Texas Dept. of Criminal Justice’s Terrell Unit
With partner Bun B, Port Arthur, Texas, rapper and producer Chad “Pimp C” Butler helped pioneer Southern hip-hop throughout the ’90s. Known together as UGK, they broke nationally alongside Jay-Z on his 2000 smash “Big Pimpin’,” but the duo has yet to really celebrate their success. Pimp C was arrested that year for drawing a gun during a dispute at a local mall. Charged with aggravated assault, he pled no contest and was given community service. In January 2002, though, after falling behind on his service, he was imprisoned for an eight-year sentence. Currently housed in the Texas Department of Criminal Justice’s Terrell Unit in Rosharon, Pimp C, 31, will be eligible for parole in December. In his absence, Rap-A-Lot Records released his solo debut, The Sweet James Jones Stories, earlier this year.
I’ve been gone for about three-and-a-half years. I’ve got to use this time wisely. I write in here. The only other time I ever had tablets full of rhymes was when me and Bun went to high school, ’cause we didn’t have no records yet. After the first record, all our songs were wrote in the studio. Go in the booth, we spit it, we tear up the paper, throw it away. So I never actually had tablets of rhymes. In here, I write 10 songs, I’ll mail them home. ’Cause there’s a chance that it could get lost in here. When I get home, I’ll get back to it. I’m sitting on like 2,000 songs. That’s not to say all are going to make it to record. Some of them may be one 16, or just a verse with a title. Some of them are just beat ideas that I wanna try when I get home, wrote out in spoken word like I’m talking back to myself.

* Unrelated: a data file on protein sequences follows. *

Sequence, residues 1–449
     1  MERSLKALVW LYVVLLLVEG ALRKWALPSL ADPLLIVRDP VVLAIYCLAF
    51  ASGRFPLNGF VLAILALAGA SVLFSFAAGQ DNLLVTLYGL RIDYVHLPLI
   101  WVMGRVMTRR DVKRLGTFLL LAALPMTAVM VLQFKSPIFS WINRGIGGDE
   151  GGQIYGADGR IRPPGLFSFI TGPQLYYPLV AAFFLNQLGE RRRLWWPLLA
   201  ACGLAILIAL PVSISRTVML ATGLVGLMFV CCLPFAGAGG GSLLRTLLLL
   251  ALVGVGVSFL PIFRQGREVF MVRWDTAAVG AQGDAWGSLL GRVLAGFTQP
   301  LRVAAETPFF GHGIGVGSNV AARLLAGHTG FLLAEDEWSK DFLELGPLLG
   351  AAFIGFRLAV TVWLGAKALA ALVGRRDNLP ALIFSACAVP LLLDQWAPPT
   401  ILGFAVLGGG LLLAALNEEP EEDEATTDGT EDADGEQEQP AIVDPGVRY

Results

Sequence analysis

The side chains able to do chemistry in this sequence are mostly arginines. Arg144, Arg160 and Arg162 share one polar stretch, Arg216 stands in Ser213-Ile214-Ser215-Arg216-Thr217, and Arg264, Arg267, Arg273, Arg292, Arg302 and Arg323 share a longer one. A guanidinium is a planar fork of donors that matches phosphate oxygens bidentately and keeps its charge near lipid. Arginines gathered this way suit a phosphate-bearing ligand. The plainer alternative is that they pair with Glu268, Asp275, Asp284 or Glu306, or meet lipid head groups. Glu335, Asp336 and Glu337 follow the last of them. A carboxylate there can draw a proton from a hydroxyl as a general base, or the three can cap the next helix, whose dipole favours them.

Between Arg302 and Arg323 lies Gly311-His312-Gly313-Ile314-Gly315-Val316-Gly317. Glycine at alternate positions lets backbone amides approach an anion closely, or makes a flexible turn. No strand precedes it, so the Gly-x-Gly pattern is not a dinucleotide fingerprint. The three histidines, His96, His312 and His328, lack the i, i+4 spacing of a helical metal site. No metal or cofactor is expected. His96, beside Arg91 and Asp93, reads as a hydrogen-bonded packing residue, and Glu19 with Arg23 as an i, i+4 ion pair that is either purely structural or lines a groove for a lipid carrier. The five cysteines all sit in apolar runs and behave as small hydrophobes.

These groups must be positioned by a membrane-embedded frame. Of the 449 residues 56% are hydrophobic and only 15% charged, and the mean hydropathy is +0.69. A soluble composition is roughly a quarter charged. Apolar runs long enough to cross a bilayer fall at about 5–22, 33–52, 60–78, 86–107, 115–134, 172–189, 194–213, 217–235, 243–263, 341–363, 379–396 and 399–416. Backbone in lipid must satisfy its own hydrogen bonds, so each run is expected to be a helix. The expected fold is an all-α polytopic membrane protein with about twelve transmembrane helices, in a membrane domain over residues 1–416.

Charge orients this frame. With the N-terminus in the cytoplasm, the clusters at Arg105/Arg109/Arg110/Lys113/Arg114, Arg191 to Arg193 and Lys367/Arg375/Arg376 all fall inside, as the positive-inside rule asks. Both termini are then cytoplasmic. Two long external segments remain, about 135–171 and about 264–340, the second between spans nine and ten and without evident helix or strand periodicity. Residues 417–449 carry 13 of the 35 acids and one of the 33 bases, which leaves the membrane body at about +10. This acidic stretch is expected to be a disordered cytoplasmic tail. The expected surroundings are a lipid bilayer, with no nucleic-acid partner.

I keep a little piece of paper by me, and when I hear a old-school song that I might wanna sample, I write the title and the group down. If I don’t know, I just write out how the hook sounds. I’ll go find the record when I get out. I never produced like this before. Hopefully, when I get home and I read this stuff, it don’t sound like gibberish and maybe I can still capture the ideas.
Orleans Correctional Facility
In 1999, New York mixtape vet Mysonne Linen was on the verge of releasing his debut album on Def Jam Records when he was convicted of a pair of armed robberies that earned him a seven-to-14-year bid. Although he maintains his innocence, the 28-year-old Bronx native is in his sixth year behind bars at the Orleans Correctional Facility, in Albion, N.Y. He will have his first parole hearing next May.
The first year, I was just moving around, like, I can’t believe I’m in jail. I never let nobody else see me cry, but there was times I just went in my cell and cried to myself. Like, God, how you do this to me? I been through poverty-stricken, drug-infested families, and now you give me this? Why?